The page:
On Katy Perry’s Bathroom Selfie and Forgotten Pleasure of Going Out-Out

Adelicia Caree

Not to open on too much of a downer, but something about Katy Perry’s American Idol bathroom selfie stirred a feeling in me that I thought had died over lockdown. It’s not that I completely lost my hope for a good party over the last year; I still believed in a brighter, […]

Not to open on too much of a downer, but something about Katy Perry’s American Idol bathroom selfie stirred a feeling in me that I thought had died over lockdown. It’s not that I completely lost my hope for a good party over the last year; I still believed in a brighter, post-pandemic life. But the constant desire to regain what had been taken away—basic freedoms we all took for granted—started to hurt more than they inspired. I was cocooned in the imaginary fever dream of a party until, suddenly, I wasn’t. As the months dragged, I stopped reminiscing for my old life—the jazzy shirts and pinchy shoes—and succumbed to soft clothes and heightened screen time of extrovert purgatory. In what I assume is a survival mechanism for the chronically gregarious, I adapted a lightly agoraphobic approach to living, focusing on my immediate surroundings and shunning the outside world. I stopped pinning for nuggets of adventure. 

But all was not lost. That party feeling wasn’t dead, so much as deeply buried like Excalibur—Katy Perry my King Arthur prising it free. The pop princess in a nice dress, teetering on the bog like a bird on a wire, instantaneously reminded me of being out-out. Not an afternoon at the cinema alone, not a date with my husband, not dinner with friends, or the thrill of being out on a school night. I remembered that feeling of being properly out. All the way out. Stellar nights of unparalleled brilliance dialed up to a billion, soaring upwards and outwards, past the point of no return, not a drop of energy for the journey back, no parachute for the descent.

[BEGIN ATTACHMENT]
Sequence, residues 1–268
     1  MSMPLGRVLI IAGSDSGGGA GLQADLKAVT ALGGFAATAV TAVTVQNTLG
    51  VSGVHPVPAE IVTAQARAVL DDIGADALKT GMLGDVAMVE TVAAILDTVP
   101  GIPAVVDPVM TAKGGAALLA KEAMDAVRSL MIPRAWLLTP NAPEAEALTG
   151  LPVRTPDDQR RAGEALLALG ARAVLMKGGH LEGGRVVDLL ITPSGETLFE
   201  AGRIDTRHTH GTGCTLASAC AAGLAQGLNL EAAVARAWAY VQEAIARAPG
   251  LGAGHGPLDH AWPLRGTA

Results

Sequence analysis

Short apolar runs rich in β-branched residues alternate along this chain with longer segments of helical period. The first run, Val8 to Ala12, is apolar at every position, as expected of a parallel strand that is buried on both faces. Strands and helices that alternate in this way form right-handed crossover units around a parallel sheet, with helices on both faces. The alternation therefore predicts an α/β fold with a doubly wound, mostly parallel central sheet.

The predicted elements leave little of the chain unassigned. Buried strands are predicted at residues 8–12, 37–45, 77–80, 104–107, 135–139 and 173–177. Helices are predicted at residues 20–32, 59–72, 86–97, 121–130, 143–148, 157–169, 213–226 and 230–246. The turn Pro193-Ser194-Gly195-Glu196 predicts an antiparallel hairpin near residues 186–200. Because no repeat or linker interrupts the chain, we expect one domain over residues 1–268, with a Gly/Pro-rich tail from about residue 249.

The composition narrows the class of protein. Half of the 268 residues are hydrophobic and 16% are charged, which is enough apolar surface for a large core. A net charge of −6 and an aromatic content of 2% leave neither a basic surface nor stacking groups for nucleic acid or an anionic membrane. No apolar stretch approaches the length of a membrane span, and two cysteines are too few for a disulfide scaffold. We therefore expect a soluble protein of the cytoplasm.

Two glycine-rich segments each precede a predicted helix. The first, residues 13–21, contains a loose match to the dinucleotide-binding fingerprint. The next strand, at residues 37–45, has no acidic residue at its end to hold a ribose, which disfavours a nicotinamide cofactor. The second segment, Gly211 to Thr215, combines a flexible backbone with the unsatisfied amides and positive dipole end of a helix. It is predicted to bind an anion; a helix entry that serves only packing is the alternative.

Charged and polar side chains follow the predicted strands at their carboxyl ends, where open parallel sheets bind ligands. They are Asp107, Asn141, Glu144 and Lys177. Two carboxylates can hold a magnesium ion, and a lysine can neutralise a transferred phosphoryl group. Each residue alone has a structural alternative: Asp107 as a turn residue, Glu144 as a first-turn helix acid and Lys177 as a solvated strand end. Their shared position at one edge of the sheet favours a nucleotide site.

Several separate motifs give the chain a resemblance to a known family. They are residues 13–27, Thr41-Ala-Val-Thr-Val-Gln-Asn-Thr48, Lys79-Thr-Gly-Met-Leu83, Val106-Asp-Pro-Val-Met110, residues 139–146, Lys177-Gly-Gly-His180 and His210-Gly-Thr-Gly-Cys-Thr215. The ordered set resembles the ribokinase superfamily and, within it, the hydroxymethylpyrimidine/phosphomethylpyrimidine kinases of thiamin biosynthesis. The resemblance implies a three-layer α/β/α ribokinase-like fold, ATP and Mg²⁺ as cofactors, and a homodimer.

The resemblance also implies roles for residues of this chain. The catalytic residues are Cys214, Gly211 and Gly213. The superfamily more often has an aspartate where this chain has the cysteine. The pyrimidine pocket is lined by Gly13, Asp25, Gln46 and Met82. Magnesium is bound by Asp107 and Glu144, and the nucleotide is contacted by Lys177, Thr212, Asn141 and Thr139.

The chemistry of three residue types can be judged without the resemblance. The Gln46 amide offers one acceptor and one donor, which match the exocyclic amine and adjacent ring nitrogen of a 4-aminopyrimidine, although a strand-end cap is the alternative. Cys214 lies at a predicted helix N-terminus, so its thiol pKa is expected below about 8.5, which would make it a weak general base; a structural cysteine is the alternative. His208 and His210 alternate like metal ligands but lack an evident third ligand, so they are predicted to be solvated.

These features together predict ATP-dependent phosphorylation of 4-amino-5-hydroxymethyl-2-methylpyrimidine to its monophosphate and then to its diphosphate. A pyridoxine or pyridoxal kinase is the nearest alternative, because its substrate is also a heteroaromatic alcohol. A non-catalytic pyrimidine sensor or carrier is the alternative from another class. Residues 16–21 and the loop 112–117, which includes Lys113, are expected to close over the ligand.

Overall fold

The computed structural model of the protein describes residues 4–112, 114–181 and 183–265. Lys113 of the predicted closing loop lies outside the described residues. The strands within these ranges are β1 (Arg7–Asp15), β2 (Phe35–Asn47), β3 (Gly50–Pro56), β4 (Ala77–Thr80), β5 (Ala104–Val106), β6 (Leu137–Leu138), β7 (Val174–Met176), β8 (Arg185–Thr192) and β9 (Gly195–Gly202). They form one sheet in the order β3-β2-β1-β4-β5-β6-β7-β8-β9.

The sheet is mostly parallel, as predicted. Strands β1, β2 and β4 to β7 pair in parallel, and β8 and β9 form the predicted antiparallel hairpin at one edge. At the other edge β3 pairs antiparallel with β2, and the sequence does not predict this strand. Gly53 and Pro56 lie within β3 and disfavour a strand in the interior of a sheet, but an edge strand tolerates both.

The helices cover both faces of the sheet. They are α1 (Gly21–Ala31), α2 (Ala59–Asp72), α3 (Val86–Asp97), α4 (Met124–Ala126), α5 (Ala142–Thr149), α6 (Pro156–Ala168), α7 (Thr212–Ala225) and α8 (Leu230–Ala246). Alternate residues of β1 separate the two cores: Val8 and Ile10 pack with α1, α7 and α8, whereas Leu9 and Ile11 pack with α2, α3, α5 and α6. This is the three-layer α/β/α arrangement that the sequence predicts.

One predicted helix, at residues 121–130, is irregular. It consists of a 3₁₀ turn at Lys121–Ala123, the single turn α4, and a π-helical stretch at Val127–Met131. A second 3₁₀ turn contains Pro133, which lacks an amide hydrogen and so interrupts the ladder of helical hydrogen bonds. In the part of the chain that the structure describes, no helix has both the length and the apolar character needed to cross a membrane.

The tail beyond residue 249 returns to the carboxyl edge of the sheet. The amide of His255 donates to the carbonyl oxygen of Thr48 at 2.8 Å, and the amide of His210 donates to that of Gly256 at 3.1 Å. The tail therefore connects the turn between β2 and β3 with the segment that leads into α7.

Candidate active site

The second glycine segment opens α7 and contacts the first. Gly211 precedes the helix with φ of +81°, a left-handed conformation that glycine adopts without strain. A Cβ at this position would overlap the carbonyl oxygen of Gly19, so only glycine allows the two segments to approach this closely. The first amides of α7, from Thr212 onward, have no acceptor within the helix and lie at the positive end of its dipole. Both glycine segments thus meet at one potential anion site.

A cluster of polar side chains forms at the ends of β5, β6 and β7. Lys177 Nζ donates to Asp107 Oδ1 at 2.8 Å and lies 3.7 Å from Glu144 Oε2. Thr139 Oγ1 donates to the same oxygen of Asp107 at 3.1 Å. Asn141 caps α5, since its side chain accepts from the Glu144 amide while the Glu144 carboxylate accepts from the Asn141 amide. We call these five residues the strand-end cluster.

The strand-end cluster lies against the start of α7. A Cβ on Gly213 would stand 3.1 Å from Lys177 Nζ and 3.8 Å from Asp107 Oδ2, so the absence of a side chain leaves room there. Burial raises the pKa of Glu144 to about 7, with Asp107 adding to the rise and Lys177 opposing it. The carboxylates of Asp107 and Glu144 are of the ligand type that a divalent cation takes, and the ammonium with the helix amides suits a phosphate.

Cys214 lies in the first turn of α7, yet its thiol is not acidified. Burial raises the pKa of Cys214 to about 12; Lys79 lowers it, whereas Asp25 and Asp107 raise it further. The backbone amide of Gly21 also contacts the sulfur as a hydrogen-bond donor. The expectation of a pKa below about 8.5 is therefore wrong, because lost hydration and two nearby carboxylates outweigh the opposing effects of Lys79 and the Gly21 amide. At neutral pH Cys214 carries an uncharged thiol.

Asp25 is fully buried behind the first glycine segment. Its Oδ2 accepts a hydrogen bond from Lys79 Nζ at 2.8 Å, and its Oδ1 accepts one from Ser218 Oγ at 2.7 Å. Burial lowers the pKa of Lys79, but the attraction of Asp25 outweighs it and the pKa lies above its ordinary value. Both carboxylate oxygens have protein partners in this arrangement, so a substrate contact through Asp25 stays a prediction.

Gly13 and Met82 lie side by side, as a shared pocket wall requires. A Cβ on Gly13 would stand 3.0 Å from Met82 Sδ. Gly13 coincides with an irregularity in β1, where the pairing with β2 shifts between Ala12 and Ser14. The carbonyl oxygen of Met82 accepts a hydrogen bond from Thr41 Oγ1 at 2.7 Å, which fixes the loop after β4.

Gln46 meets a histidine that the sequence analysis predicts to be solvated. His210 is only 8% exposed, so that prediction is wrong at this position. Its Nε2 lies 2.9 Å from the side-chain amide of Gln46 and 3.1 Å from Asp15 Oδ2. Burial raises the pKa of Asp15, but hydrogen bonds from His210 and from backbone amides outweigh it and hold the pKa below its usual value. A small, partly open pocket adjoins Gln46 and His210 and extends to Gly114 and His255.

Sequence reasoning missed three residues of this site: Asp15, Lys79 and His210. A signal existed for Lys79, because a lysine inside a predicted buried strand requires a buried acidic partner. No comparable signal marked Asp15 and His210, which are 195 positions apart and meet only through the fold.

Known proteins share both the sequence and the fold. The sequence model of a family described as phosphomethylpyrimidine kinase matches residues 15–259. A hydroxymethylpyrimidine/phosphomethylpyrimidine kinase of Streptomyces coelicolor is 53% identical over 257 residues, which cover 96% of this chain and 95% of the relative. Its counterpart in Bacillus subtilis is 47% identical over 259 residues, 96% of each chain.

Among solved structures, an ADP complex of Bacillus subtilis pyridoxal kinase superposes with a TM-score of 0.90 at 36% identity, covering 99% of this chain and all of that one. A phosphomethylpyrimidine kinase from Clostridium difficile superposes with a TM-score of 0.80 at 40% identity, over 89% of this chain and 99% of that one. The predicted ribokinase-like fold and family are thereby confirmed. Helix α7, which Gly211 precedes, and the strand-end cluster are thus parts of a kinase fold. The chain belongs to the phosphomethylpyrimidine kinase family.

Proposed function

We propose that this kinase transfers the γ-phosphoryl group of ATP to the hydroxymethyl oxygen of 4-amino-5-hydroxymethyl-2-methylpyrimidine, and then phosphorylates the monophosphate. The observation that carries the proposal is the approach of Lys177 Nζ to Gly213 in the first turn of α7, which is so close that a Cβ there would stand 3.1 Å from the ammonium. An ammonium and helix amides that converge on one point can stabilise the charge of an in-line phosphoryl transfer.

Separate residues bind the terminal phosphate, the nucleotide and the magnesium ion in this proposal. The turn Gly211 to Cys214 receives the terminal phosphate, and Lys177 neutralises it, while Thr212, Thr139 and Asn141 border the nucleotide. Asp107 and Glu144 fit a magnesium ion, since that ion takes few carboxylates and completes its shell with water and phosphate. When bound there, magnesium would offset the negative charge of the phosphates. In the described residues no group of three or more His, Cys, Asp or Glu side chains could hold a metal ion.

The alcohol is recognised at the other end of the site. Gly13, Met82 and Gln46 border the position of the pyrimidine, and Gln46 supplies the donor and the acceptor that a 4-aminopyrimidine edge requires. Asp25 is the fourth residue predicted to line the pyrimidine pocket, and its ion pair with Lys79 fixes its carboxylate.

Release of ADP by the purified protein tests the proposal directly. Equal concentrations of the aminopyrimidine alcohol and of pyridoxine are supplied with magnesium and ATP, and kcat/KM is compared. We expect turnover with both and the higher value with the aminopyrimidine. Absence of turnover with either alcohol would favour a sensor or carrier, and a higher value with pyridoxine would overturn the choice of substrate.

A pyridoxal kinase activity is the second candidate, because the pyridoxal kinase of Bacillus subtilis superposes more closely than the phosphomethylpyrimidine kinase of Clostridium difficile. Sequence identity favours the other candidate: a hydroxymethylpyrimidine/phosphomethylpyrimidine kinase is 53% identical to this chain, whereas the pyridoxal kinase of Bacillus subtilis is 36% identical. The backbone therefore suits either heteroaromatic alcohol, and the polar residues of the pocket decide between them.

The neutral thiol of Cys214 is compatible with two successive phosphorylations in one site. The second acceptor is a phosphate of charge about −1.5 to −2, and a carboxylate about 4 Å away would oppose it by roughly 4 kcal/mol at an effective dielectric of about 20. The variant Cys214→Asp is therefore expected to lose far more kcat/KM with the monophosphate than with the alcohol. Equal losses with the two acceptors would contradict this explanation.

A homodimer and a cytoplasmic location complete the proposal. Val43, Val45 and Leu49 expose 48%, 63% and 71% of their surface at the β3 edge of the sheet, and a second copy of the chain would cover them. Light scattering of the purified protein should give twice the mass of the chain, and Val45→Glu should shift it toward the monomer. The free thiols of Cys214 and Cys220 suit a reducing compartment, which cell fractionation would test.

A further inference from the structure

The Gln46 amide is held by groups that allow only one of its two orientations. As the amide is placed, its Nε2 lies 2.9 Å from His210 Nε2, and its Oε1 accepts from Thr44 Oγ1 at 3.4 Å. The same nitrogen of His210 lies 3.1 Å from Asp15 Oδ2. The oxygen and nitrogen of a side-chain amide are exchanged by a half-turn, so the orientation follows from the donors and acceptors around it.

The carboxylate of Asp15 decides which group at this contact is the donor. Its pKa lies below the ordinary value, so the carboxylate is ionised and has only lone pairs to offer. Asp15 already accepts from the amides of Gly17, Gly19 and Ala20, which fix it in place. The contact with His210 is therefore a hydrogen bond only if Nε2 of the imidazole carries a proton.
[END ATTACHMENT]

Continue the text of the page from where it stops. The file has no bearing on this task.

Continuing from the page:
You might have missed this feeling too? The unbridledness of a proper party, of old friends or new people and light-up dancefloors or dingy kitchen discos with a phone in a pint glass. I forgot how good it feels to be footloose and fancy-free, drinking doubles and giving good face. In my weakest moments, I even miss bumping into people I don’t like and making awkward small talk while trying to Poltergeist them away. I miss the swollen feet and the feeling of other people’s drinks on my clothes. I miss missing the “are you okay?” texts from my husband as unread news alerts vibrate in my pocket. I miss giving hugs to absolutely anyone (okay, maybe we’ll never get back to the point someone identifies as a hugger and we don’t all flinch). I miss meeting a new best friend, a soulmate, a stranger that’s changing my life forever and knowing I’m invincible with her at my side. I miss immediately losing her, and my phone, and the cloakroom ticket. 

The out-out feeling is most concentrated in the loos, glancing at your smudged face in the mirror. It’s not a selfie moment in the loos, nor is it those weird fake mirror selfies of Gen Z. It’s a Polaroid committed to memory. A paused glitch in the rolling tape of a good night. Perry’s loo was chic—I suspect Lionel Richie was shooting his own outfit in an adjacent stall—but yours is fine if it has enough paper towels and sufficient lighting. 

So cut to me in the wee hours, in the hardest pants I could find, crawling out of an Uber and into my house for instant noodles, a fried egg, and hot sauce. I might make it to bed but the sofa is right here. As dawn breaks, the night will come back to me in memory Polaroids—the glitz, the grime, and my eyes in the bathroom mirror. 

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